Finite Element analysis proved to be a useful design tool for investigating the performance of modified fibre architectures, though the iterative process of optimising fibre architecture was time consuming. Experimental results demonstrated that structural performance under in-plane geometric stress conditions and in- and out-of-plane contact situations can be improved by the correct application of embroidery techniques. Manufacture of complex 2-dimensional preforms using embroidery can substantially reduce waste, and also reduce the assembly time of multi-layer preforms over using conventional fabrics.

Appendix 1

11.1 Collaborators

University of Nottingham, Department of Mechanical Engineering

Akzo Fibres Limited, Leicester (now Tenax fibres)

Cray Valley Limited, Yorkshire

Crescent Consultant Limited, Nottingham (SME)

Ellis Developments Limited, Nottingham (SME)

Ford Motor Company, Essex

Hewetson Leveaux Limited, Buckinghamshire (SME)

Lucas Applied Technology Limited, West Midlands

Geoffrey E Macpherson Limited, Nottingham

PPG Industries UK Limited, Lancashire

Vidhani Brothers Limited, (T/A Teritex) Nottinghamshire (SME)

Advanced Structural Technology Limited withdrew from the project as soon as it started. It was hoped to replace them by Lotus Cars who unfortunately failed to sign the final agreement to join the project. The work proposed by them was shared and performed by other collaborators.

Appendix 2

Original Work Plan (as Revised)

1. Identification of Demonstration Components

2. Establish Embroidery Techniques


Yarn Paths

Yarn Tension

Sewing head

Types of needle

3. Substrate Development

4. Control of Movements



5. Sewability of Substrates


Reinforcement laying

Holding reinforcement

6. Preform Characterisation and Design of Component

Structural Analysis

Load bearing and dissipation

7. Resin Impregnation

Flow modelling


Permeability Studies

8. Component Evaluation

Non-Destructive Evaluation


Mechanical testing

Environment testing

Technique Validation

Application to General Problems

9. Design for Manufacture


Technical Manuals

Demonstration components

Cost evaluation

Appendix 3



To identify the most appropriate and effective technique of attachment of a range of reinforcing fibres to the base cloth


to optimise the preparation of fibres for embroidering, and their presentation to the sewing head


to investigate the interaction between the base cloth and the embroidery yarns


to optimise the preform stability for mechanical handling before impregnation and during the impregnation process itself


to optimise base cloth properties


to develop an understanding of the effects of different base cloth removal techniques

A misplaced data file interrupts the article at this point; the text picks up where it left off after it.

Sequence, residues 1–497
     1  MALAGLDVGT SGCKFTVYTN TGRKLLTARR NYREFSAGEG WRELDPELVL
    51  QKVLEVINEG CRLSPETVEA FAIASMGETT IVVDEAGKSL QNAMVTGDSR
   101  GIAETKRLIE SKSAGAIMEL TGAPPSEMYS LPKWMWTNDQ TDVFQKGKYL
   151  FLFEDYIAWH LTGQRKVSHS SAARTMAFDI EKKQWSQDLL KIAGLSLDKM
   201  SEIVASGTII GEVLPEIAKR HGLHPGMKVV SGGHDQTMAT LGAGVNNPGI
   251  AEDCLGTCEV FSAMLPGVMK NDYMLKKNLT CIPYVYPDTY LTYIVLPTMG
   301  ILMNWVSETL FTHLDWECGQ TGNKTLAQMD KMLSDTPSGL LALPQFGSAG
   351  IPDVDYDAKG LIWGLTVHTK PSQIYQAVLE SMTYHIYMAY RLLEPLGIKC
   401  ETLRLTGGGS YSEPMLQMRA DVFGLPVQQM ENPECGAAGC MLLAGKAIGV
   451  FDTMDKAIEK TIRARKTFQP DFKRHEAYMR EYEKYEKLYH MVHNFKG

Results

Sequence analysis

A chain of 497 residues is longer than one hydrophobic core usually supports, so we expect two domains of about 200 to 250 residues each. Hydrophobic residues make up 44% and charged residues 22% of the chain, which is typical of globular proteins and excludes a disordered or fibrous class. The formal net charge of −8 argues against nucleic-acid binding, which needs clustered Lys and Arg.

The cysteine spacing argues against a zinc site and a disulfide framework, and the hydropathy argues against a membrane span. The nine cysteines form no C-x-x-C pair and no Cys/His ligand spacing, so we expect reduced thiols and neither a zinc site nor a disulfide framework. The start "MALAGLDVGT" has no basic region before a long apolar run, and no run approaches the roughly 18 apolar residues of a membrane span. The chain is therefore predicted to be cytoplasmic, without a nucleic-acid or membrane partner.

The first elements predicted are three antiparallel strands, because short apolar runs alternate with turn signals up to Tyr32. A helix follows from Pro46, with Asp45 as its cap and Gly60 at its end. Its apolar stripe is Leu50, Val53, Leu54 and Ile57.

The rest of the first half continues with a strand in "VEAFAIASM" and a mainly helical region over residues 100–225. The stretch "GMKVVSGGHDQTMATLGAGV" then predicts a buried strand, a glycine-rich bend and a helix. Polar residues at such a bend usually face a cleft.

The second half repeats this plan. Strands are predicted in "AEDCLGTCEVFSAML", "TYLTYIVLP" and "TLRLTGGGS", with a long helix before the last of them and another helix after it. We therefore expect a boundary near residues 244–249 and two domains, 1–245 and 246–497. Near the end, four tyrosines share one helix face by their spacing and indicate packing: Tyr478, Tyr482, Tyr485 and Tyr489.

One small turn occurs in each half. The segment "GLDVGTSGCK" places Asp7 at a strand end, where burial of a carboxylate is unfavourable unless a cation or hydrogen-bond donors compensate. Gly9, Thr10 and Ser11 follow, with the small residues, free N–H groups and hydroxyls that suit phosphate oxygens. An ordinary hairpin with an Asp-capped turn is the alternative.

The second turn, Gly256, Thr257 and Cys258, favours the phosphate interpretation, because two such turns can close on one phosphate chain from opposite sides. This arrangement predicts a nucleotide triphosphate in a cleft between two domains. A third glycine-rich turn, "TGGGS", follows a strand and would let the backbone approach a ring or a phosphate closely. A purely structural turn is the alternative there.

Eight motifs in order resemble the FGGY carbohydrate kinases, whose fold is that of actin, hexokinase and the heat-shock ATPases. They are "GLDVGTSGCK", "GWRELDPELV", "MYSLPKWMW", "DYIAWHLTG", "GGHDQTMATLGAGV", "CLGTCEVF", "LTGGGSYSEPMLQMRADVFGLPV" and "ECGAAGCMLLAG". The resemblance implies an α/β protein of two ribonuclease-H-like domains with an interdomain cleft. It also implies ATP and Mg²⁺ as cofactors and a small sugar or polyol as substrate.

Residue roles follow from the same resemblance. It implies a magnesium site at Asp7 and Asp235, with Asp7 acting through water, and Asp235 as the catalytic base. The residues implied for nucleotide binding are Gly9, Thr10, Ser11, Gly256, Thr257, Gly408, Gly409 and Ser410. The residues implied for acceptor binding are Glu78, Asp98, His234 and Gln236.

to investigate a range of stitching structures


to minimise any unwanted fibre movement


to optimise resin introduction and flow paths into complex shapes


to control uniformity of resin/fibre proportions

All the project objectives have been met, with the exception of the full anticipated component evaluation. It became clear during the later part of the project that the properties that could be enhanced by embroidery techniques were such that a considerable amount of further work was needed to develop and evaluate component properties, in particular, through thickness properties such as impact tolerance to identify the most appropriate and effective technique of attachment of a range of reinforcing fibres to the base cloth.

Appendix 4

14.1 Comparison between Cornely and Schiffli Embroidery Techniques

The Cornely system results in the fibre tow being held onto the substrate with a chain stitch to create a net shape preform whereas the Schiffli machine uses direct stitching of high strength, high stiff fibre to the reinforcement fabric. The Cornely system uses high modulus fibres on the surface, which increases bending stiffness and increases local volume fraction, thus increasing the structural properties. However, modulus differences lead to delamination and local volume fraction increases tend to reduce permeability. Schiffli embroidery allows the potential for stitching which improves the intra-inter-laminar properties due to hybrid reinforcement increasing the X Y and Z properties. However the stitching through process tends to damage the substrate, and through - thickness stitches are rarely taught. Although this through stitching may reduce the old strength, the energy absorption of the composite increase. The use of through stitching tends to increase manufacturing flexibility through joining by stitching.